Lentigo maligna melanoma (LMM) is a type of skin cancer arising in chronically sun-exposed areas like the face, neck, forearms, and hands. It develops from a precursor lesion called lentigo maligna (LM) and usually corresponds to a pigmented plaque or nodule. The surgical removal of the tumor is the mainstay of therapy. Even though wide surgical margins may be difficult to achieve, LMM is associated with a favorable prognosis.
LMM arises from LM, a slowly growing and variably pigmented macule that almost exclusively develops on chronically sun-damaged skin of the head and neck region . LM may be present for years before transforming into LMM; it is an indolent, rather small lesion that may not overly concern the patient . There are no macroscopic features that would unequivocally confirm the transition from LM to LMM, although the loss of symmetry and regular borders, changes in pigmentation, the progressive elevation above surrounding skin, and an acceleration in growth may provide valuable hints to this end. Vertical growth giving rise to nodularity is a sign of dermal invasion. It is not to be expected in mere LM, but should neither be considered an exclusion criterion for LMM: The latter may remain in the radial growth phase for years. What's more, LMM may simultaneously grow and regress in a pattern that makes the lesion appear to move across the skin . The spectrum of colors ranges from light to darker brown to black, though pink and amelanotic LMM have also been described .
Entire Body System
The nomeclature is very confusing to both patients, dermatologists, and pathologists alike. Lentigo maligna is the non-invasive skin growth that some pathologists consider to be a melanoma-in-situ. [checkorphan.org]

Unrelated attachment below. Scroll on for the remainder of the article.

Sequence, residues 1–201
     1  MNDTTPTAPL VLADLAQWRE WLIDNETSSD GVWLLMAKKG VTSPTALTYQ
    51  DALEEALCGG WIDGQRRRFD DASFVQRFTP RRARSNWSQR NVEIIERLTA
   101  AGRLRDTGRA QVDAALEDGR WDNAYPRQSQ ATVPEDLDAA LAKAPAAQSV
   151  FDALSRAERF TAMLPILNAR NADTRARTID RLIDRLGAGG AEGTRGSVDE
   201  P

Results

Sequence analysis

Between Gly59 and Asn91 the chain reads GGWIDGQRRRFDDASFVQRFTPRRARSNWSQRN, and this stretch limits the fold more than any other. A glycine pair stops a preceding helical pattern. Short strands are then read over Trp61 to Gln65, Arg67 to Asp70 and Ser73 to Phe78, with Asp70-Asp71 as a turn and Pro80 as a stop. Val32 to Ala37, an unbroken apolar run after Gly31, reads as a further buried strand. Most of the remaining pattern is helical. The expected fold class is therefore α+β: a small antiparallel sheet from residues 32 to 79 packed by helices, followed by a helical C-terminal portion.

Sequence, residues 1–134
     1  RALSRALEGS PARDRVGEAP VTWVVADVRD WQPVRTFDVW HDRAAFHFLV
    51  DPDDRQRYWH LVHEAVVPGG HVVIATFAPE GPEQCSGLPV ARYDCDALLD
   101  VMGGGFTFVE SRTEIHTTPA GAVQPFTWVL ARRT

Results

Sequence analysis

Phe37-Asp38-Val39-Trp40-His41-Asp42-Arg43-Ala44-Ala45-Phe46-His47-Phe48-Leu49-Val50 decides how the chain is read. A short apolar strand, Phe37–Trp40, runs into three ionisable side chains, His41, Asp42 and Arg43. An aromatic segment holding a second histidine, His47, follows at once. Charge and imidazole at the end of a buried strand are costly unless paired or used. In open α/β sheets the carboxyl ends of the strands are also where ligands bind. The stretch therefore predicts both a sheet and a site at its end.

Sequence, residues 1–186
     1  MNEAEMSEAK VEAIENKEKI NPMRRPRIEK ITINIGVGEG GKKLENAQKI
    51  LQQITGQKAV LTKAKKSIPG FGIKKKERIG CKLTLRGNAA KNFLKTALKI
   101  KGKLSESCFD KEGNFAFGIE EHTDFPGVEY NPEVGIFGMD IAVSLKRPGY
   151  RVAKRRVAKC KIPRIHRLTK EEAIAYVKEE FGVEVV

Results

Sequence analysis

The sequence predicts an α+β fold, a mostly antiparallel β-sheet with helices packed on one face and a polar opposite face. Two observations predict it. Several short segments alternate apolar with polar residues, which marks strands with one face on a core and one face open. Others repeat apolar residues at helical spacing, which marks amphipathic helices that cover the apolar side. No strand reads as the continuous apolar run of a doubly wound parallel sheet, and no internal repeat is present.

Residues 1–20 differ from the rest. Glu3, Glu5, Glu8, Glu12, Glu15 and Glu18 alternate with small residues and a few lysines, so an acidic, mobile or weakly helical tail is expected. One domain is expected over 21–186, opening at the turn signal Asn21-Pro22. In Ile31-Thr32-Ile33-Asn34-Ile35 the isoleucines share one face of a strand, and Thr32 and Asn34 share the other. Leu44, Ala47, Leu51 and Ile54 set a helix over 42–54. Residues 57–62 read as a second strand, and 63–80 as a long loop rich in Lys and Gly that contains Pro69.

Zitelli Medicine Archives of dermatology 1991 Although some Mohs surgeons and pathologists are uncomfortable reading frozen sections for melanoma, it should be emphasized that examination of the margins by frozen section has been documented to be effective [semanticscholar.org]
Lentigo maligna is the non-invasive skin growth that some pathologists consider to be a melanoma-in-situ. A few pathologists do not consider lentigo maligna to be a melanoma at all, but a precursor to melanomas. [en.wikipedia.org]
It is not uncommon for pathologists to receive partial or scouting biopsies to assess for LM. This makes the interpretation of symmetry and circumscription of the lesions challenging. [jcp.bmj.com]
But in slow Mohs, rush permanent sections are sent off to the pathologist rather than the frozen sections integral to conventional Mohs. Dr. [mdedge.com]
Difference in overall inflammation score between the 2 groups was significant (mean difference (MD) 0.6, 95% CI 0.2 to 1, P value = 0.004), with the mean overall inflammation score being significantly higher in the combination group. [cochrane.org]
591 per 1000 815 per 1000 (615 to 1000) RR 1.38 (1.04 to 1.84) 88 (1 study) ⊕⊕⊝⊝ low ¹ ‐ Secondary outcome: Inflammatory response (overall Inflammation score) for all participants Mean grade of inflammation in each group² ‐ The mean overall inflammation [cochranelibrary.com]